The declaration of the national lockdown following the outbreak of the Coronavirus has once again brought the spotlight on the border security, but how easy is it to prevent the movement of people between South Africa, Mozambique and Eswatini?
In terms of the amended Disaster Management Act, 2002 Regulations, Regulation 11B(6)(a) “all borders of the Republic are closed during the period of lockdown, except for transportation of fuel, and essential goods.”
Soon after the declaration of the 21-day lockdown, one of our investigative journalists visited the tripoint – the point where South Africa, Mozambique and Eswatini meet, which is located at Mbuzini in Mpumalanga to assess the situation.
He found that it was business as usual. The people from the three countries were moving in and out as has been the case for centuries. There was no visibility of soldiers or any form of law enforcement on all the sides of the three countries.
But border control between the three countries is like no other ordinary border around the world, where there are high fences which are difficult to scale, but about waits high fences, where locals have built step ladders to cross over to the other side.
In fact, it exposes the weakness of the colonial borders. When the borders were drawn they split one tribe into three: Mbuzini remained in South Africa, Lomahasha in Swaziland and Namaacha in Mozambique.
While located in the three countries, geographically and speaking two different languages, Siswati and Xitsonga, the tribes owe their allegiance to one Inkhosi (chief), Mandla Mlambo II who is based in Mbuzini in South Africa.
All three are descendants of Lomahasha Mahlalela.
“There’s an informal agreement, because there’s nowhere it is written. When the new chief is to be installed in Lomahasha (Eswatini) and Namaacha Mozambique, King Mswati III and the Frelimo government have to consult Inkhosi Mlambo II in South Africa,” said South Africa’s the deputy minister of tourism, Fish Mahlalela, who resides in Mbuzini also from the Mahlalela tribe.
On Monday, Ziwaphi – The New Era sent an enquiry to the South African National Defence Force to establish what was being done to prevent the crossing of people between the three countries during the lockdown.
We also sent them the video to show them how the situation was following the declaration of the lockdown. The spokesperson seemed unsure.
“When you sent me that (video), we looked into it. Our members will be moving into that particular area as we speak. But that particular structure, they haven’t seen it.
“That’s why I’m saying that it’s either that structure, after they put it, they disassemble it, or it is not in there,” said Captain Thabo Sello of the SANDF.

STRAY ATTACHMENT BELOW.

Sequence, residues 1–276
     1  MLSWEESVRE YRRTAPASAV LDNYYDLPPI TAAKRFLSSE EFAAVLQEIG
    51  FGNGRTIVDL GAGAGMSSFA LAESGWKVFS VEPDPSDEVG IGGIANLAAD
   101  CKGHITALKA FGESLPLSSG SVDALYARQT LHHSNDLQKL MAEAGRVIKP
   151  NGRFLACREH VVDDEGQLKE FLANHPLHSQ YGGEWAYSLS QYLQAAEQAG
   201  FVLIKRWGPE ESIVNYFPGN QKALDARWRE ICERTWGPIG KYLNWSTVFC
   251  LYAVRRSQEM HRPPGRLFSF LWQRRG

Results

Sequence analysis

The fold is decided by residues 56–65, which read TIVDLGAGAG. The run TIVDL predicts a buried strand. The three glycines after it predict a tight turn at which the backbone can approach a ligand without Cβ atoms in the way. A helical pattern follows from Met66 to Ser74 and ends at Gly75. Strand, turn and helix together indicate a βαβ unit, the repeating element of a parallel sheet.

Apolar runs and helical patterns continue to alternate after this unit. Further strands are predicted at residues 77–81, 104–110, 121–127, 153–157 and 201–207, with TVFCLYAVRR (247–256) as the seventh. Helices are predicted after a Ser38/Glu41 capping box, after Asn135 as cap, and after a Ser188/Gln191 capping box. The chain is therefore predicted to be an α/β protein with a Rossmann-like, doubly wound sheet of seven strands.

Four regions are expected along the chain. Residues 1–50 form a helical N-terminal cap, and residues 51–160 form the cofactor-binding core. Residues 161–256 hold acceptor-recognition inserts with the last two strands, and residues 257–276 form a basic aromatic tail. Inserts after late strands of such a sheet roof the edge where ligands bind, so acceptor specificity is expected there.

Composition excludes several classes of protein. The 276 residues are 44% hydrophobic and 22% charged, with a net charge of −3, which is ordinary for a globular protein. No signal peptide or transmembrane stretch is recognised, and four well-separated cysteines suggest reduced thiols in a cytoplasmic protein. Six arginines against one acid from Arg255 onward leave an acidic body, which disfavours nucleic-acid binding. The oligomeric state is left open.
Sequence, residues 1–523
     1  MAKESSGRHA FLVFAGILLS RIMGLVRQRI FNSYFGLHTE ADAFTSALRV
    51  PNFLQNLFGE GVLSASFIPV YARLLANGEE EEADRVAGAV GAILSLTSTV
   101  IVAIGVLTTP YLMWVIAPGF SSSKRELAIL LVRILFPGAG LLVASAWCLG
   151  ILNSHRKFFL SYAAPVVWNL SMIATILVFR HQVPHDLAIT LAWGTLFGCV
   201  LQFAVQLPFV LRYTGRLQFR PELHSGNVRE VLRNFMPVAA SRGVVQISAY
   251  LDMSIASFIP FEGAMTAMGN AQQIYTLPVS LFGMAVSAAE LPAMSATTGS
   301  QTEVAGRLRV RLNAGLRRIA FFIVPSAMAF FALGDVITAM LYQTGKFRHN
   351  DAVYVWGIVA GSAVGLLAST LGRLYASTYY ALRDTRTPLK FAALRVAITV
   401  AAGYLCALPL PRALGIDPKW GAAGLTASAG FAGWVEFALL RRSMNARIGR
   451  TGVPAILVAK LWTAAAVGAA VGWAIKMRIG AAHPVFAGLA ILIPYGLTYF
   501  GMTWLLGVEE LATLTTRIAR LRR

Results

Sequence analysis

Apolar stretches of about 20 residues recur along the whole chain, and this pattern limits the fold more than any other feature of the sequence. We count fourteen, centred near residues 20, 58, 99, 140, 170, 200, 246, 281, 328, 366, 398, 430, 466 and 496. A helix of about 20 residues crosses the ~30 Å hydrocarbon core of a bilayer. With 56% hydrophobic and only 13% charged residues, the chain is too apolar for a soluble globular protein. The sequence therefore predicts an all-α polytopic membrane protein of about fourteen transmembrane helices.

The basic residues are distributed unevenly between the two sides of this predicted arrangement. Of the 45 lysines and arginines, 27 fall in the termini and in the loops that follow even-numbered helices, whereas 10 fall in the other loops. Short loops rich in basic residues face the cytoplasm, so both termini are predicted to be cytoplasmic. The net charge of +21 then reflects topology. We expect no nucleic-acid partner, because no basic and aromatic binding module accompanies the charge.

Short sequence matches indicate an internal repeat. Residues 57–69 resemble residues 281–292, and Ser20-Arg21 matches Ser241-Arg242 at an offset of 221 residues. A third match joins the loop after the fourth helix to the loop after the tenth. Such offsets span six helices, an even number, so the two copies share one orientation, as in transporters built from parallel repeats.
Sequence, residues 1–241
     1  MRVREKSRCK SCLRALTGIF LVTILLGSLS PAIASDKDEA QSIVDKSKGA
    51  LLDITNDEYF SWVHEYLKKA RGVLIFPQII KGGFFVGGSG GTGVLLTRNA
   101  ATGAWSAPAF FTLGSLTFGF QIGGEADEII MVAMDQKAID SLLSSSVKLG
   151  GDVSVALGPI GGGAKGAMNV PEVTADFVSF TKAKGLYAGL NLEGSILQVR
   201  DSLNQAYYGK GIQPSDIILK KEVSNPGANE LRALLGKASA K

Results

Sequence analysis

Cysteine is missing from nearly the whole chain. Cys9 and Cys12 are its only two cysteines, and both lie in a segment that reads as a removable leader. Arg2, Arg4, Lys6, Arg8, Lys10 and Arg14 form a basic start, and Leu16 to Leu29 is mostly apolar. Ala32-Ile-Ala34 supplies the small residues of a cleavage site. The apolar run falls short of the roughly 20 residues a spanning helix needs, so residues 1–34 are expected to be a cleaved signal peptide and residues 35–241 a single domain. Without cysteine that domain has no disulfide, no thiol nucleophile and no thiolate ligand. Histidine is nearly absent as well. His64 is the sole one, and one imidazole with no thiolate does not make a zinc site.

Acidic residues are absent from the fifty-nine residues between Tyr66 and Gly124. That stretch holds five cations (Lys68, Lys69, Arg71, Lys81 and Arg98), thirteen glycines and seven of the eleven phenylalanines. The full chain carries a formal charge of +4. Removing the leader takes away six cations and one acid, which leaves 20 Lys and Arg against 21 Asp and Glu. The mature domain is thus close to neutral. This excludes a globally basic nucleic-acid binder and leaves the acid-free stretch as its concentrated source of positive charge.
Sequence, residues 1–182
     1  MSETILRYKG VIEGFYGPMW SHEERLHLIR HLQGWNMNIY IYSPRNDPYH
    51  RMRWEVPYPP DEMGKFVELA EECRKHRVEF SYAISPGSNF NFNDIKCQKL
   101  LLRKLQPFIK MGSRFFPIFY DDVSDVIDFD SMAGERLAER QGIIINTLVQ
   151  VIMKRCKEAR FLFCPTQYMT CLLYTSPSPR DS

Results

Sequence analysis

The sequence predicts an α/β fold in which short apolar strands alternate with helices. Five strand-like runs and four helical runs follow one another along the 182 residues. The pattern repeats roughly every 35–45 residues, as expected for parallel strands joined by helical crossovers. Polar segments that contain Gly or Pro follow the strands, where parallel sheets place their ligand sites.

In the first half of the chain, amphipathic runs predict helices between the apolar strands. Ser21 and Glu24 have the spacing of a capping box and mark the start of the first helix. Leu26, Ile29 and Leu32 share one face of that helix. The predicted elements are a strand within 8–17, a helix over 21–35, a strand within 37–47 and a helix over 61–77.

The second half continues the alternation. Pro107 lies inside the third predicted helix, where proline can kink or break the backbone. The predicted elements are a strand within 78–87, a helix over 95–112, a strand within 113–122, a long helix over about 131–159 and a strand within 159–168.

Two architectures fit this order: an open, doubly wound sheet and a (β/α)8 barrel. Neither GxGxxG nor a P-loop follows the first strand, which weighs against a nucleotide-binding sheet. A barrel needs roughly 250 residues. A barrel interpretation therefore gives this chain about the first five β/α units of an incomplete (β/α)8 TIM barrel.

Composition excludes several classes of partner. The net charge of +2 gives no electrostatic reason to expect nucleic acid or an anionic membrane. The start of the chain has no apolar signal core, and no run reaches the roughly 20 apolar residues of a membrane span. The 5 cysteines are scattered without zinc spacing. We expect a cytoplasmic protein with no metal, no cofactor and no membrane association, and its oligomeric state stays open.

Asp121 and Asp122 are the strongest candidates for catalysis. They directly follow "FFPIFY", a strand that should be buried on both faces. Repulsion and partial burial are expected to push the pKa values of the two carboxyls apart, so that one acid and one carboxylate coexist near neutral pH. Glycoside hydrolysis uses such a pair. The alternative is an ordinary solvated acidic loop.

The crossings, though informal, are well established and very visible. There are even soldiers that had been deployed there in the past, but they don’t stop people from crossing between the three countries because of the “unwritten” protocol.
“There are a number of the informal crossings, called sicanco in Siswati. Some are pedestrian thoroughfares, but others are used by motorised transport, particularly the one between South Africa and Swaziland.
“The numbers of people who use the informal crossings are so overwhelming to the point that the buses that ferry people from these informal crossings are usually full by the time they reach Mbuzini. That’s why the people of Mbuzini struggle with public transport to Nelspruit,” said Mahlalela.
The minister also indicated that, contrary to the view that Mozambicans and Swazis are the ones crossing into South Africa the most, in fact many South Africans cross into the two countries to buy cheap items, including petrol in Swaziland and African art fabrics in Mozambique.
On Tuesday, when Mahlalela visited one of the informal crossings, for the first time he observed that the SANDF stopping people from crossing between the two countries.
“Things have improved drastically. The SANDF had erected barricades, about 500 metres from the border line. Thus, vehicles and people can no longer cross,” said Mahlalela.
During the lockdown period, families who are located in the three countries would no longer be able to visit each other as they have been used to since the dawn of democracy in South Africa in 1994.
The real test, however, will be today, Friday 3 April, it’s social grant day in South Africa. Residents from Mozambique and Swaziland who have dual citizenship but live in Mozambique and Swaziland, are expected to cross the border to collect their social grants in South Africa.